shiningHorror movies derive most of their power and enjoyment (you sicko) from a combination of novelty and surprise.The novelty: how the filmmakers will have this particular bad guy stalk and kill the good guys. The surprise: OHMYGODLOOKOUTBEHINDYOUDREWBARRYMORE!

Nevertheless, because horror movies are eternally popular, Hollywood remakes the biggest ones, as they would any genre of film. However, horror movies also boast extremely devoted and defensive cult bases, so time will tell if this weekend’s Evil Dead reboot is as good as Sam Raimi’s original 1981 classic, despite Sam Raimi’s seal of approval and active involvement. Here then are 10 more notable horror remakes.

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Friday the 13th (2009)
There was once a rumor that they were going to eventually make 13 Friday the 13th movies. But after sending camp drowning victim/supernatural hockey mask-wearing murderer Jason Vorhees to space, hell, and Freddy Krueger, the franchise ran out of steam at 11 movies. So in 2009 they rebooted the franchise by remaking the original 1980 film, set at the proven horror setting of a summer camp full of libidinous teens getting brutally murdered.

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The Wolfman (2010)

This one was delayed for years, and it’s tricky to remake those classic Universal monster movies. Lon Chaney is an icon, and Beneicio Del Toro is a good choice to replace him, because he’s already a wolfman.

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Village of the Damned (1995)

Yes, it’s a remake of the 1960 horror standard, but it’s directed by Halloween horrorsmith John Carpenter, so it’s arguably better. Also, the spooky little Aryan kids make the adults do way, way more violent stuff than they could get away with onscreen in 1960. Village of the Damned is most notable for its super-famous, post-peak-popularity cast, such as Kirstie Alley, Mark Hamil, Linda Kozlowski, and Christopher Reeve in his final starring role before that paralyzing horse accident.

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The Last House on the Left (2009)

The original from 1972: horror icon Wes Craven’s first film, and basically porn made of violence. The remake: also deeply uncomfortable, but better than it had any right to be due to the casting of Garret Dillahunt, the marvelous character actor from Winter’s Bone and Deadwood.

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Dawn of the Dead (2004)

George Romero’s 70s zombie movie was fraught with heavy-handed satire (the zombies are descending on a mall because consumerism is zombielike HAHAHAHA). The remake is more akin to a season of The Walking Dead, playing up the claustrophobic terror of being in a see-through prison. And it’s got the dad from Modern Family convincingly playing a badass.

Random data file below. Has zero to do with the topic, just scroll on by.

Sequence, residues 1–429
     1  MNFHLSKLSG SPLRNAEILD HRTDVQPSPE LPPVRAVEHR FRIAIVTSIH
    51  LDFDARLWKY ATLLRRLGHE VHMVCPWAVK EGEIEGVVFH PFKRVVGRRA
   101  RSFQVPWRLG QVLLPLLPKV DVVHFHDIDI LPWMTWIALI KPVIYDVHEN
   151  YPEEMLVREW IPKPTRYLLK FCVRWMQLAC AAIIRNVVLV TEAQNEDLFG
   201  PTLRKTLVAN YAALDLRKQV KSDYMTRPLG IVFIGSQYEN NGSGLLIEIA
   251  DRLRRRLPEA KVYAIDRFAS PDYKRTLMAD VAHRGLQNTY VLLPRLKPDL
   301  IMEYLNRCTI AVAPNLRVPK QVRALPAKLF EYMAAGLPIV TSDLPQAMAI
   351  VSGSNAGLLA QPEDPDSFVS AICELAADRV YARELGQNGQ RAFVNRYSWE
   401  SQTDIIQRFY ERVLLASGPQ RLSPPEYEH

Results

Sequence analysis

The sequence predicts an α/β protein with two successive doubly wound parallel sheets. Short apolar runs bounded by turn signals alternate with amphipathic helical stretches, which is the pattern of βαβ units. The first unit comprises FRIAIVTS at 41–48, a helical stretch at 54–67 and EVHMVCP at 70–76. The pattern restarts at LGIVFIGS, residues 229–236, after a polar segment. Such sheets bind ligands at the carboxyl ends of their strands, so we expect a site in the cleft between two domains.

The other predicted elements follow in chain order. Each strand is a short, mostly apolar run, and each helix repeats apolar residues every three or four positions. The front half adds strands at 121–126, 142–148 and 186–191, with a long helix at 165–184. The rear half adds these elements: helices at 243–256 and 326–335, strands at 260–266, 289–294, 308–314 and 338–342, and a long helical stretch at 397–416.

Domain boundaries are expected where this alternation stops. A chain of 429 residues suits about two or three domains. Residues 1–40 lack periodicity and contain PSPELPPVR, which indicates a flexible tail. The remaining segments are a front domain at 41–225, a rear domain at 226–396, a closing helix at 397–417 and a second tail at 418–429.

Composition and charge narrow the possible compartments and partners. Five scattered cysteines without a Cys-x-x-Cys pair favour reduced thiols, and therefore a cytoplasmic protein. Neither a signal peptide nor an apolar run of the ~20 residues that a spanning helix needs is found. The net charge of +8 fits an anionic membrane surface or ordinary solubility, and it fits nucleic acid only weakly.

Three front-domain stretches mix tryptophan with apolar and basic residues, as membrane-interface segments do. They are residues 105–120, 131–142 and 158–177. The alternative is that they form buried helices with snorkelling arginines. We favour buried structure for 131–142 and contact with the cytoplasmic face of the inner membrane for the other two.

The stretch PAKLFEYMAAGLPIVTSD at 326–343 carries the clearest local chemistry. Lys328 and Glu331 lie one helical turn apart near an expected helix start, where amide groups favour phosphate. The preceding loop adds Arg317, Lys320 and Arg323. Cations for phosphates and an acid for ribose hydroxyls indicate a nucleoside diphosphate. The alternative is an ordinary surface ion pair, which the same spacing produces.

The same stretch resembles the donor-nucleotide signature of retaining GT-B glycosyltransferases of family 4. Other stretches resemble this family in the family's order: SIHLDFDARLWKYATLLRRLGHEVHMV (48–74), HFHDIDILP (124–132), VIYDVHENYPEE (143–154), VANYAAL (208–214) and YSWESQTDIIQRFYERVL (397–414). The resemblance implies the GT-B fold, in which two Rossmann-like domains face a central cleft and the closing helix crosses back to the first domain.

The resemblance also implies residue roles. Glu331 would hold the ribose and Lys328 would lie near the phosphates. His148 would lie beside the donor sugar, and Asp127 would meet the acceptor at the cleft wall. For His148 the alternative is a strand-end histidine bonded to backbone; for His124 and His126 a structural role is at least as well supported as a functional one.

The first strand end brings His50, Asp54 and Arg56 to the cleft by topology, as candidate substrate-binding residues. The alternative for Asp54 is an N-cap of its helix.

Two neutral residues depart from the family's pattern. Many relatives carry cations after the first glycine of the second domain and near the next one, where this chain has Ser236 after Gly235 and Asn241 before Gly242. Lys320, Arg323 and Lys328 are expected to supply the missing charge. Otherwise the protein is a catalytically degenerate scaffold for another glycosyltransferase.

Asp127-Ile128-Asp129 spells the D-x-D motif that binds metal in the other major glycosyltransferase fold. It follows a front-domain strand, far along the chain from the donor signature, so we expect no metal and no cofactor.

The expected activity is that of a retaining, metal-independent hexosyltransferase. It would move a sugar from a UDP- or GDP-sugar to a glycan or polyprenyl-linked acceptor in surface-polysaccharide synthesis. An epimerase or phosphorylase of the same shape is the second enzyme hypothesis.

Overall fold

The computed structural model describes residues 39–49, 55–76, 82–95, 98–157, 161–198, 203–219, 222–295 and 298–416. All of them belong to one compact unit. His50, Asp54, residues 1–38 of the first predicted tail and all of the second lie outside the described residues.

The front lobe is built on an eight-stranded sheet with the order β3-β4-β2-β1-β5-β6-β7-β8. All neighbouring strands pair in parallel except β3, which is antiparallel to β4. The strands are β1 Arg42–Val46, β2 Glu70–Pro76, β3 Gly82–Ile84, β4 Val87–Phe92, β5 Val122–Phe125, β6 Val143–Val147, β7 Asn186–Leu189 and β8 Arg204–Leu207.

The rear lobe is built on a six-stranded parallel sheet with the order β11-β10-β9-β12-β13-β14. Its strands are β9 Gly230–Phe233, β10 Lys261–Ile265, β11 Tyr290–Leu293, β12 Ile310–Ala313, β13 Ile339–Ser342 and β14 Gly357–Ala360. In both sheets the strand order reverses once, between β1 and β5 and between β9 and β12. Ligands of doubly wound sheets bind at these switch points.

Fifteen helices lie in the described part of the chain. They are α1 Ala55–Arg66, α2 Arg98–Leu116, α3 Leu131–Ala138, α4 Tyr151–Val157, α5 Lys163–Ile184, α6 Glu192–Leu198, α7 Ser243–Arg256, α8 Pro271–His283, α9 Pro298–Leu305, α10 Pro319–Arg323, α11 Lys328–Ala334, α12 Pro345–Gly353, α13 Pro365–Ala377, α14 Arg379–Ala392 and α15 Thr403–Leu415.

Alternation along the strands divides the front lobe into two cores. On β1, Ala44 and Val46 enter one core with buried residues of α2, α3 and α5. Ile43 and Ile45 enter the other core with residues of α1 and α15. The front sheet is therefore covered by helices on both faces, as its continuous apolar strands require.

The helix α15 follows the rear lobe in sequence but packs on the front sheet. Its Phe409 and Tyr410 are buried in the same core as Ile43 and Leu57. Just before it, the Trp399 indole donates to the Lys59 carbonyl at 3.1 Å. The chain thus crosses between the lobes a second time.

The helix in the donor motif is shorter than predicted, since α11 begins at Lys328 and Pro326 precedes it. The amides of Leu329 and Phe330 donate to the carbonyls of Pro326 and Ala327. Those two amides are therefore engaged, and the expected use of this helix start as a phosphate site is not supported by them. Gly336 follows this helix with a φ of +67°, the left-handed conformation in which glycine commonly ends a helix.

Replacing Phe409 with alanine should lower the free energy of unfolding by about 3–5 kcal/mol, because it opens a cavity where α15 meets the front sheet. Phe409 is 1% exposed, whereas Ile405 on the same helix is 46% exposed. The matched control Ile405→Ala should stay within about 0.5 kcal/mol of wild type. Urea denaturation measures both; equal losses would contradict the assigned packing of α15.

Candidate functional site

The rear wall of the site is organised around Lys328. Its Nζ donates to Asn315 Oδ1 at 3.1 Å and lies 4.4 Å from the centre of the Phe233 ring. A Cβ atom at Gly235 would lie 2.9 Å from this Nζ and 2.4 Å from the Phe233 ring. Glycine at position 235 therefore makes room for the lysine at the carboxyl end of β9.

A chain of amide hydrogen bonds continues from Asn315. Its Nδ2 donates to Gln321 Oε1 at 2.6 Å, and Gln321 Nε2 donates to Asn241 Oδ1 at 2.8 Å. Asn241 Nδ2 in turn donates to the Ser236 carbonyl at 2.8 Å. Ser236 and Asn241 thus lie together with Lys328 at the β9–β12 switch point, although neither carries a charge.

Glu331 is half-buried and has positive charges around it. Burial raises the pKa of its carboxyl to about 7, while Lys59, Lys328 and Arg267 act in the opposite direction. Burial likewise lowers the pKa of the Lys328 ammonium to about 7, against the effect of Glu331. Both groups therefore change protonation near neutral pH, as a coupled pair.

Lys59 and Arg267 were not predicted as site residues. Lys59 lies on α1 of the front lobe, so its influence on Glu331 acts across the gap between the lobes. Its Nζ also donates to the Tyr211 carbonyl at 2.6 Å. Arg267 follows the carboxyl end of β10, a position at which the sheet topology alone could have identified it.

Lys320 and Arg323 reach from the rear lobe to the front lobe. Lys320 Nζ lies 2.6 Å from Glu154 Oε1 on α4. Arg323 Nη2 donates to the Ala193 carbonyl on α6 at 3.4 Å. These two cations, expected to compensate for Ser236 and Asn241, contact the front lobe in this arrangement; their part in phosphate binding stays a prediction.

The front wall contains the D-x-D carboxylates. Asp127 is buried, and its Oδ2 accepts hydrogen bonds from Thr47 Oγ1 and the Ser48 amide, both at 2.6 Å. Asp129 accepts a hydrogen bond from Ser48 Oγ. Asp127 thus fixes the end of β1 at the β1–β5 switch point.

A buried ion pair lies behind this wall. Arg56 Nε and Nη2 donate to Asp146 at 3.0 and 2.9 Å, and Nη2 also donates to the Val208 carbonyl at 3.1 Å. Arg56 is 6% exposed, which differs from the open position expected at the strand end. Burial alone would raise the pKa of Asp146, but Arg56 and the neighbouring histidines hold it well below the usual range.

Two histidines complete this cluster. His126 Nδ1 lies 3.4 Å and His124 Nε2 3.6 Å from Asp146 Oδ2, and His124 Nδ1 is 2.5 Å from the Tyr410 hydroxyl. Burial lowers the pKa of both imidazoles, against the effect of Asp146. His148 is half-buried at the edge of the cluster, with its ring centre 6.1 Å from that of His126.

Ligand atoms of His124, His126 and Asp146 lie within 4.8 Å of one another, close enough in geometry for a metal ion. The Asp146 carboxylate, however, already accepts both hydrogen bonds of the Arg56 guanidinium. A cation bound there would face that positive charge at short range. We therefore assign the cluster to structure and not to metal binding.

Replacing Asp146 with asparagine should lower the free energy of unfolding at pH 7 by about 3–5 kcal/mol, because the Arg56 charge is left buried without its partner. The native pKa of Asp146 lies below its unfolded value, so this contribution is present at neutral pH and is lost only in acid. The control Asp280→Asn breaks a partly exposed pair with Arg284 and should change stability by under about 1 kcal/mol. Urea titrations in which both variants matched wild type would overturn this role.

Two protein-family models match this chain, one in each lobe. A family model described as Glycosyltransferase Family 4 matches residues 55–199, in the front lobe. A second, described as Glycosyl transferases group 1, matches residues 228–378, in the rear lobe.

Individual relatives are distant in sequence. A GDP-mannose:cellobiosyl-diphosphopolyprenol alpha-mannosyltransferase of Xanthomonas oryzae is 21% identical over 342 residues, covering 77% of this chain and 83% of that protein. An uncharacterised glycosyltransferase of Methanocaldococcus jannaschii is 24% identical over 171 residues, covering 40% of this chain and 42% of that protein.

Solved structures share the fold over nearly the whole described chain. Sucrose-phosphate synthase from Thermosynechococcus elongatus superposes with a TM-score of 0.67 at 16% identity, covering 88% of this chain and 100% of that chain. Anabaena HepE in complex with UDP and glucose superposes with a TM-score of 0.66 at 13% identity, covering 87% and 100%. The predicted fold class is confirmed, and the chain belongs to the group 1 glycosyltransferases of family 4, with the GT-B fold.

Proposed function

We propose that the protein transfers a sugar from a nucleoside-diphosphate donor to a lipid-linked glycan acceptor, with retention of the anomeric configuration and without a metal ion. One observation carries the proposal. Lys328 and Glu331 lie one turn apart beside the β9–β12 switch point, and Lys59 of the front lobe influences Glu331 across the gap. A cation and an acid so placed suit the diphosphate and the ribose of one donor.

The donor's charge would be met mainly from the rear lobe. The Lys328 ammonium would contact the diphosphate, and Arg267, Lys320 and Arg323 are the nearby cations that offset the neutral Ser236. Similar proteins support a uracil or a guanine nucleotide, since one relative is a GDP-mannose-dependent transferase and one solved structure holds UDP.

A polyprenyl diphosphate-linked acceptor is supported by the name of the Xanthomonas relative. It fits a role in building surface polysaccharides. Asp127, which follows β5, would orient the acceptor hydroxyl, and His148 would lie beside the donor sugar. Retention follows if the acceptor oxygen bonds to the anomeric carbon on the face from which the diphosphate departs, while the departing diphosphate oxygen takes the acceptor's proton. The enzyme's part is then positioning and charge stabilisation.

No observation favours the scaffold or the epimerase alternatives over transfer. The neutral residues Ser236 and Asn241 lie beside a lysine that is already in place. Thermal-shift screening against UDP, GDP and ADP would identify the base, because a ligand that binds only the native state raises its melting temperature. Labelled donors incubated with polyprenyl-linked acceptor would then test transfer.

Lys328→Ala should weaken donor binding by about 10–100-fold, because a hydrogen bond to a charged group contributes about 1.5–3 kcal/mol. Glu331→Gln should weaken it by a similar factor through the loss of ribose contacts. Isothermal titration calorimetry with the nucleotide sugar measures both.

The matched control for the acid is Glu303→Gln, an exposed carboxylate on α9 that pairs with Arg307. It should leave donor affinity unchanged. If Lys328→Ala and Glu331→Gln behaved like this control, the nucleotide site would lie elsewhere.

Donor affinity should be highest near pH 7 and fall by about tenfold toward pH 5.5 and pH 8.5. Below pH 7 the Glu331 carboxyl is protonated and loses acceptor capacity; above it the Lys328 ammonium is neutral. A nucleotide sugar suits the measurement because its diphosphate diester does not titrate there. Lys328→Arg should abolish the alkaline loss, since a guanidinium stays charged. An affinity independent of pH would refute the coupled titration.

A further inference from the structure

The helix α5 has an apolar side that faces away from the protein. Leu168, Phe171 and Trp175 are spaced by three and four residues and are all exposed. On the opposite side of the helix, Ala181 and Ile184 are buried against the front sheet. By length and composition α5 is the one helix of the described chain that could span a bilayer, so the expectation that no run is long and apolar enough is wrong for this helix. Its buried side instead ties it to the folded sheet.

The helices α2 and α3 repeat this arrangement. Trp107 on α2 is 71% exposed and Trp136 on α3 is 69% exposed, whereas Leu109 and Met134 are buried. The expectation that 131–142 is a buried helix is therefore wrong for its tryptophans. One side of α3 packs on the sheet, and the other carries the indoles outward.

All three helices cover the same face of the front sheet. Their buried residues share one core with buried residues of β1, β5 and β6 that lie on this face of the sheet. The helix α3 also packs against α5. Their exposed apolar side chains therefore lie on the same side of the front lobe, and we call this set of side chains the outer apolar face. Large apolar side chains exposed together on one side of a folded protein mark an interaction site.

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Little Shop of Horrors (1986)

Definitely an improvement on the original, a quickie, only slightly funny B-movie shot for about $85 by Roger Corman. The Frank Oz-directed remake is a film version of the stage musical based on the first movie, and it’s got a soul-singing cannibalistic plant, cameos from Christopher Guest and Bill Murray, and Steve Martin as Elvis-as-sadistic-dentist.

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The Good Son (1993)

In the early 90s, Macauley Culkin starred in every movie that came out. The studios had to occasionally throw him a bone for starring in family-friendly garbage by allowing him to play occasionally against type, such as a sadistic wee sociopath in The Good Son, a gender-switched unofficial remake of The Bad Seed.

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The Omen (2006)

The 1977 version was a legitimately good movie if still a horror movie, a classy joint with real actors (like Gregory Peck), in the vein of The Exorcist. The remake, I would venture to guess, was only made so they could release it on Satan’s birthday, which was 06/06/06.

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The Shining (1997)

In 1980, Stanley Kubrick directed the psychologically terrorizing and also bloody screen adaptation of Stephen King’s The Shining. King never much liked the movie, even though literally everybody else on earth did, so in 1997 he authorized, oversaw, and wrote the script for another version of The Shining, which aired on ABC television. It starred Steven Weber, the guy from Wings. Because what do Kubrick and Jack Nicholson know about filmmaking? Not as much as the guy from Wings.

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The Wicker Man (2006)

When remaking a movie, you have to update certain staid and stale references so everything makes sense. You know, for the kids. So when they remade the creepy 1973 horror movie The Wicker Man, they added on to the burning wicker man, the island’s method of ritualistic human sacrifice to ensure a harvest, with a face-cage of bees. Beeeeeeeeeees.

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